When you hear the television commentators discuss "tire management" during a NASCAR Nextel Cup race broadcast, they are talking about the driver not abusing his tires by sliding through the corners or overbraking going into the corners and elsewhere. This would create too much heat that will impact the tire's performance.
The driver is the last link in a long chain of tire management, which begins long before the green flag is dropped for the race.
It actually starts many months before a race when engineers at Goodyear in Akron, Ohio, begin formulating precise rubber compounds that will be used to make the tires for a specific race at a designated track. Tires can be made as hard as concrete or as soft as bubble gum. The Goodyear engineer's job is to formulate and make a tire that will maximize grip or adhesion (soft) between the tire surface and the track surface while also providing acceptable surface wear and safety (hard).
Two different formulas must be developed for each race because Nextel Cup race cars run a different compound in their left side tires than in their right side tires. If you are turning left on an oval track then you are creating more downforce and lateral pressure on the right side, causing more stress and wear on that side.
Goodyear engineers perform test sessions on new tire compounds with selected Nextel Cup teams to gain their input and confirm that the tire will perform according to their calculations. Knowledge gained from these test sessions is then passed on to all of the teams to aid them in the setup of their cars.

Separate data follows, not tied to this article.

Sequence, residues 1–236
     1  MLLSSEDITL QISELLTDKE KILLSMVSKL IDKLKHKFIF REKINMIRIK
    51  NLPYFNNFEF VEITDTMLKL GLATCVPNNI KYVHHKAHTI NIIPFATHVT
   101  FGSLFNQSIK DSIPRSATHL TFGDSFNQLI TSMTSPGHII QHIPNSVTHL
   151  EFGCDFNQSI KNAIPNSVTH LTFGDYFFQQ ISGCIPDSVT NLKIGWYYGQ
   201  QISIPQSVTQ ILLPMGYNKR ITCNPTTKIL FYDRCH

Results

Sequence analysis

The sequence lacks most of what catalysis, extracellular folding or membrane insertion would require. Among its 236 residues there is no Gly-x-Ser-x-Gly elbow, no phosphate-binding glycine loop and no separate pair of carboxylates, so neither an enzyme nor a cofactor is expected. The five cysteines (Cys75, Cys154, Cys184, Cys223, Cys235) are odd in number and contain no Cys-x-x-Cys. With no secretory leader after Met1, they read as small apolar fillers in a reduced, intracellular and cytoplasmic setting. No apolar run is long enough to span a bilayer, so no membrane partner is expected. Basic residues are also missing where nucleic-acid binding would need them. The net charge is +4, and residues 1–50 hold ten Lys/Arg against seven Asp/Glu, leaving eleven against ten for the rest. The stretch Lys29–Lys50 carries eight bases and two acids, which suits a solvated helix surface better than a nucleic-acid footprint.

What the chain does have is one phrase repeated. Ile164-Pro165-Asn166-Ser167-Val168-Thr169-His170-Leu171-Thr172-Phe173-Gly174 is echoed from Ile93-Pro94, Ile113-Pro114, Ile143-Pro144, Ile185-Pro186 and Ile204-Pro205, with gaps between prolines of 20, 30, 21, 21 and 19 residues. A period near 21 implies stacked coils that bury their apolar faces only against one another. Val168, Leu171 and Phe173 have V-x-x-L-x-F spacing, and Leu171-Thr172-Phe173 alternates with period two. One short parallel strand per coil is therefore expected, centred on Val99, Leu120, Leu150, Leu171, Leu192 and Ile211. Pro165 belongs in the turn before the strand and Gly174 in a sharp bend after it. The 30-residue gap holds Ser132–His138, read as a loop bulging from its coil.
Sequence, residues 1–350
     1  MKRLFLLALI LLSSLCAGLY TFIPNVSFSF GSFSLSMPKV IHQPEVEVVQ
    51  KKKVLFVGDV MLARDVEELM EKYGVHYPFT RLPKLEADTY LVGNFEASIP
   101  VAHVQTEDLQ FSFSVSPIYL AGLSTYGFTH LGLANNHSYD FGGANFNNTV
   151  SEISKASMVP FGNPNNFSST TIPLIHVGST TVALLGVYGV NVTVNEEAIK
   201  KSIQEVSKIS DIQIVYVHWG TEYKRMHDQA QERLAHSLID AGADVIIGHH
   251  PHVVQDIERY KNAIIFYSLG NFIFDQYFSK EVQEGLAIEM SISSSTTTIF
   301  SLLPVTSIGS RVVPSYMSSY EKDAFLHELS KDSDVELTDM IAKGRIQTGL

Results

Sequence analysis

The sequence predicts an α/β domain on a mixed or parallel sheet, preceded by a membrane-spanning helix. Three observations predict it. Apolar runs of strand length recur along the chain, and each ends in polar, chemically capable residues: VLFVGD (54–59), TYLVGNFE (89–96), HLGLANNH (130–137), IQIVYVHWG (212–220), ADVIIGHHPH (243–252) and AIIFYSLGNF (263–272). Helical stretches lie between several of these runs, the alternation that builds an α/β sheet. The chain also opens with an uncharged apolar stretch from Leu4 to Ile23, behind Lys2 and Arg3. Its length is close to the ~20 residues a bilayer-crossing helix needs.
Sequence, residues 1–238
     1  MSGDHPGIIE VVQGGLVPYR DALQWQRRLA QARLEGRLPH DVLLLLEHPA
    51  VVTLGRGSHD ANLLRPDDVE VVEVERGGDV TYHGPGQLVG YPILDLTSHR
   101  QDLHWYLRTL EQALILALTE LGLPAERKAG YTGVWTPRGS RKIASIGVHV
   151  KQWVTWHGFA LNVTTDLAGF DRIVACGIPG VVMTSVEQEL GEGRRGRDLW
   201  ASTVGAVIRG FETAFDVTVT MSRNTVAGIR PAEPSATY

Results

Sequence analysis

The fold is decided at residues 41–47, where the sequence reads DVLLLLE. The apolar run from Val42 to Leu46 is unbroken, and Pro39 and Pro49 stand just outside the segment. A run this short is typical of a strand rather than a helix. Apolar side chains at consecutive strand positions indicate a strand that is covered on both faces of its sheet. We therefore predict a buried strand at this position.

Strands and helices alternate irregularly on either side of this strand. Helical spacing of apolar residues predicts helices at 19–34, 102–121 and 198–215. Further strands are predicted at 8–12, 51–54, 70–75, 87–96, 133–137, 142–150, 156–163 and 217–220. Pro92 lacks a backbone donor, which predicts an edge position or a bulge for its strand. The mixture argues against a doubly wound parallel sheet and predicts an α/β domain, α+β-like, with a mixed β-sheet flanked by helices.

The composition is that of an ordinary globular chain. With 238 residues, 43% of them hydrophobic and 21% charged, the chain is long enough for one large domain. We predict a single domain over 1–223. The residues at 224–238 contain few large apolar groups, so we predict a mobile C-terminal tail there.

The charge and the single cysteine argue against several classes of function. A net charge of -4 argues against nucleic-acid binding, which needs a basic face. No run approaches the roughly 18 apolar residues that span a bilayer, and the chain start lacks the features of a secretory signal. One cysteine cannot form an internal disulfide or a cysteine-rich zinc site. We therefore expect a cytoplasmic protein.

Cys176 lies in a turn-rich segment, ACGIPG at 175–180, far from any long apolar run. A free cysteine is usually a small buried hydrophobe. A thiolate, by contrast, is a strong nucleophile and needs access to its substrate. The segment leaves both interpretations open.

Tires are the most critical component of a race car. They are the only part of the car that (hopefully) makes contact with the track. You can have an engine with twice the horsepower of your competitors, but if you cannot transfer that power to the track it is useless.
All of the complicated calculations that are made during the setup of a race car -- spring and shock selection, front end geometry settings, chassis rake and tilt, etc. -- relate to managing tire patch and slip angle.
Tire patch simply refers to the amount of the tire's surface that makes contact with the track. When the driver turns the steering wheel, he creates slip angle by flexing the side wall of the tire. Slip angle is the difference in direction between the center line of the tire that is being turned and the direction of the tire patch that is contacting the race track surface. If the slip angle is exceeded during the turning process then the tire will slide across the track surface causing added friction and unwanted heat. If a reliable tire patch is not maintained then the car's steering will feel erratic and uncomfortable to the driver.